If you wish to accept any pairing secret then you can do that by changing the pairing secret row in configuration file into this:

conf.js
exports.permanent_pairing_secret = '*';

Email notifications

Most bots out there expect user's machine to have UNIX sendmail and by default sendmail function in mail module will try to use that, but it is possible to configure your node to use SMTP relay. This way you could use Gmail or Sendmail SMTP server or even something like Mailtrap.io (excellent for testing purposes if you don't want the actual email recipient to receive your test messages). This is how the configuration would look:

conf.json
{
"smtpTransport": "relay",
"smtpRelay": "smtp.mailtrap.io",
"smtpUser": "MAILTRAP_INBOX_USER",
"smtpPassword": "MAILTRAP_INBOX_PASSWORD",
"smtpSsl": false,
"smtpPort": 2525,
"admin_email": "admin@example.com",
"from_email": "bot@example.com"
}

Database location

At some point you'll surely want to have a peek into the database, or even make a modification in it. Default sqlite .db file is located near the config file, you can find the correct paths for each platform at the beginning of this doc.

Accepting incoming connections

Obyte network works over secure WebSocket protocol wss://. To accept incoming connections, you'll need a valid TLS certificate (you can get a free one from letsencrypt.org) and a domain name (you can get a free domain from Freenom). Then you accept connections on standard port 443 and proxy them to your locally running Obyte daemon.

This is an example configuration for nginx to accept websocket connections at wss://obyte.one/bb and forward them to locally running daemon that listens on port 6611:

If your server doesn't support IPv6, comment or delete the two lines containing [::] or nginx won't start

server {
listen 80 default_server;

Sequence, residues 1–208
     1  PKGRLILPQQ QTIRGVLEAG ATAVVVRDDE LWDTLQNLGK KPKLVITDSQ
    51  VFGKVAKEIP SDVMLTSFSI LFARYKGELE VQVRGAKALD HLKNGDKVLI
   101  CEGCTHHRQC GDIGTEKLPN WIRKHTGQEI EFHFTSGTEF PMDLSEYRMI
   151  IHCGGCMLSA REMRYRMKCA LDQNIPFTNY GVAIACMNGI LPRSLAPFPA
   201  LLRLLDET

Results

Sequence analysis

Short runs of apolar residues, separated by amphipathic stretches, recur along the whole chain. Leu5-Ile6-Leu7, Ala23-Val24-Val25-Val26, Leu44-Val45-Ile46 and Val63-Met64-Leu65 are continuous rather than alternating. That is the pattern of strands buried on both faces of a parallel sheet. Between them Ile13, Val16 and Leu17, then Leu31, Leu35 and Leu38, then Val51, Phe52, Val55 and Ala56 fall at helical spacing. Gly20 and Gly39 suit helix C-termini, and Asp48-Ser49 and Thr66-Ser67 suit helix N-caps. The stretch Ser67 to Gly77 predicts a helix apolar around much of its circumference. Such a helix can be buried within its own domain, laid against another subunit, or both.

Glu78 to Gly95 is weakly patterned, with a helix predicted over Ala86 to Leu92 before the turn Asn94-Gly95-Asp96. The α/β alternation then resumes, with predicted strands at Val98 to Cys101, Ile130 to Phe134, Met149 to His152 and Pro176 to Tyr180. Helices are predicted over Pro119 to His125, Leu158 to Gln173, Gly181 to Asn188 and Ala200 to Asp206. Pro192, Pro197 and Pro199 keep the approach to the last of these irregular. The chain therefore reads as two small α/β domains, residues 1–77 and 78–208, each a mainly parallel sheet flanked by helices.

listen [::]:80 default_server;
listen 443 ssl;
listen [::]:443 ssl;
ssl_certificate "/etc/letsencrypt/live/obyte.one/fullchain.pem";
ssl_certificate_key "/etc/letsencrypt/live/obyte.one/privkey.pem";
if ($host != "obyte.one") {
rewrite ^(.*)$ https://obyte.one$1 permanent;
}
if ($https != "on") {
rewrite ^(.*)$ https://obyte.one$1 permanent;
}
location = /bb {
proxy_pass http://localhost:6611;
proxy_http_version 1.1;
proxy_set_header X-Real-IP $remote_addr;
proxy_set_header X-Forwarded-For $proxy_add_x_forwarded_for;
proxy_set_header Upgrade $http_upgrade;
proxy_set_header Connection "upgrade";
}
root /var/www/html;
server_name _;
}

By default Node limits itself to 1.76GB the RAM it uses. If you accept incoming connections, you will likely reach this limit and get this error after some time:

FATAL ERROR: CALL_AND_RETRY_LAST Allocation failed - JavaScript heap out of memory
1: node::Abort() [node]
...
...
12: 0x3c0f805c7567
Out of memory

To prevent this, increase the RAM limit by adding --max_old_space_size=<size> to the launch command where size is the amount in MB you want to allocate.

For example --max-old-space-size=4096, if your server has at least 4GB available.

Checking if node is running

Many bots have a file named check_daemon.js included in the repository, which looks like this

const check_daemon = require('ocore/check_daemon.js');
check_daemon.checkDaemonAndNotify('node start.js');

This can be executed with crontab with the command mentioned in crontab.txt and when the email is properly configured on the server and the node crashes, this script will notify you that the node went down.

If you are executing your node with node start.js --max-old-space-size=4096 command then you should also change the check_daemon.js to this:

const check_daemon = require('ocore/check_daemon.js');
check_daemon.checkDaemonAndNotify('node start.js --max-old-space-size=4096');